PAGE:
A Cognitive Cascade in Infancy: Pathways from Prematurity to Later Mental Development

Intelligence. 2008;36(4):367-378. doi: 10.1016/j.intell.2007.07.003.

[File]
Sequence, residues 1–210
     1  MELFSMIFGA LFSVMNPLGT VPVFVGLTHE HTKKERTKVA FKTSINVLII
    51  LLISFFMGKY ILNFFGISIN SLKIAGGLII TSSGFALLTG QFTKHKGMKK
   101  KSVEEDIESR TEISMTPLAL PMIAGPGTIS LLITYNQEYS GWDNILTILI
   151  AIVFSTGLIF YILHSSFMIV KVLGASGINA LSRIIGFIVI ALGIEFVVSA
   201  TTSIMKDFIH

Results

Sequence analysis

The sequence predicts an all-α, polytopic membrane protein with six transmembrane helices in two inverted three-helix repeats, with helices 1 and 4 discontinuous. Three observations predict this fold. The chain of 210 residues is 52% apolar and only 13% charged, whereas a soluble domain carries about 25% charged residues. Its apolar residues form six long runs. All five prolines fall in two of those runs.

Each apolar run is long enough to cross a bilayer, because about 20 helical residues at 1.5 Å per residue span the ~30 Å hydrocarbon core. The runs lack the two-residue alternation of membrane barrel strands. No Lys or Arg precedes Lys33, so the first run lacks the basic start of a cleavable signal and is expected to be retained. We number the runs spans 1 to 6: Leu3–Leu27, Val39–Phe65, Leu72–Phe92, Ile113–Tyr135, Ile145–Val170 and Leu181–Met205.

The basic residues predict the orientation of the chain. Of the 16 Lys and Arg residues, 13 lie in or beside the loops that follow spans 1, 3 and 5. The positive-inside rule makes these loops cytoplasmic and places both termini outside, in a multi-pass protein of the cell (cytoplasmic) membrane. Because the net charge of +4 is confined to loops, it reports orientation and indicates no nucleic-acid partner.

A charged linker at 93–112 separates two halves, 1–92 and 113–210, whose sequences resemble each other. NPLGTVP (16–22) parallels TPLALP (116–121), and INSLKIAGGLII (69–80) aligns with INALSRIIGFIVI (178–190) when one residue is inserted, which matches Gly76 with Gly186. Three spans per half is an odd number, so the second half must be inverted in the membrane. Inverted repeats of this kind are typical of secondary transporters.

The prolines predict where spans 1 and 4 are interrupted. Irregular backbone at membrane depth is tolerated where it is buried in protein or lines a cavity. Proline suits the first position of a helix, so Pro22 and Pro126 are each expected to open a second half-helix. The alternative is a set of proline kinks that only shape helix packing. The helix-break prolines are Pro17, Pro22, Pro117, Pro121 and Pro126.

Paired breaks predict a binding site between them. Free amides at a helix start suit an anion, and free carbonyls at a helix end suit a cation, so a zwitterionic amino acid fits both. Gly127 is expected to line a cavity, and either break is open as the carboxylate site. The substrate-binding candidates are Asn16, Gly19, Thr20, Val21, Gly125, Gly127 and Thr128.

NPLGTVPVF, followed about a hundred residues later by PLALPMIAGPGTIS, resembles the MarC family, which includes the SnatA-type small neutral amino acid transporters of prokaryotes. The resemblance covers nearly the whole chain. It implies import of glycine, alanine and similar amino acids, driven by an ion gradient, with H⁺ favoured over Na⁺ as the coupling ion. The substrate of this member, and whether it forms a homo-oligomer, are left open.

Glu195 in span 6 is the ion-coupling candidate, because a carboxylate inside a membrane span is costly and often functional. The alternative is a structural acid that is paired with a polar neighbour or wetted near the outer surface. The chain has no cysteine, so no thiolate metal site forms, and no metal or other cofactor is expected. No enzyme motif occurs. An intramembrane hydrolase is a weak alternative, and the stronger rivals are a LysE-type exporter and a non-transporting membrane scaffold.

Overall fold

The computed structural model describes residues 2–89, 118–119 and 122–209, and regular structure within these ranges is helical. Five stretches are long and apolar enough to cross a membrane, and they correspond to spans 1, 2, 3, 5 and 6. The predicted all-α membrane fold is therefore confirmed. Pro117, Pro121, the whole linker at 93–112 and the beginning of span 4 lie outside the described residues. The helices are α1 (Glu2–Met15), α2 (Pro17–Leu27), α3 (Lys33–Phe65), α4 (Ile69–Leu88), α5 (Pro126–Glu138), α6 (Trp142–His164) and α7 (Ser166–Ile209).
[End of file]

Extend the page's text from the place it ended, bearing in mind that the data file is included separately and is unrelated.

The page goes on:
Using data from a longitudinal study of preterms and full-terms, the present study examined the structure of infant cognition at 12 months, the extent to which five 12-month abilities (attention, speed, recognition, recall, and representational competence) mediated the relation from prematurity to mental development at 2 - 3 years, and how continuity and change in infant information processing from 7 to 12 months affected later outcome. The results indicated that 12-month measures of infant information processing completely mediated the effect of prematurity on outcome and the infant measures form a 'cognitive cascade,' similar to that seen at 7 months, in which the two more elementary abilities (attention and speed) influenced the more complex ones, which in turn influenced later cognition. Additionally, despite cross-age stability, 7- month assessments contribute to outcome independently of their 12-month counterparts, suggesting that infant abilities undergo important developmental transformations in the second half of the first year of life.